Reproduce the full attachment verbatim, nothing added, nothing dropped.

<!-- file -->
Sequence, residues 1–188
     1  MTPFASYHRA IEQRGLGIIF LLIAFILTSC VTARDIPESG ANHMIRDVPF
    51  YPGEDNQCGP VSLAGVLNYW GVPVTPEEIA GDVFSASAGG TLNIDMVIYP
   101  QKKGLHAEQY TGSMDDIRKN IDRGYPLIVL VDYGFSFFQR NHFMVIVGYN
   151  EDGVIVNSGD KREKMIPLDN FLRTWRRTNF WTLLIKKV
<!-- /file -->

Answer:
Sequence, residues 1–188
     1  MTPFASYHRA IEQRGLGIIF LLIAFILTSC VTARDIPESG ANHMIRDVPF
    51  YPGEDNQCGP VSLAGVLNYW GVPVTPEEIA GDVFSASAGG TLNIDMVIYP
   101  QKKGLHAEQY TGSMDDIRKN IDRGYPLIVL VDYGFSFFQR NHFMVIVGYN
   151  EDGVIVNSGD KREKMIPLDN FLRTWRRTNF WTLLIKKV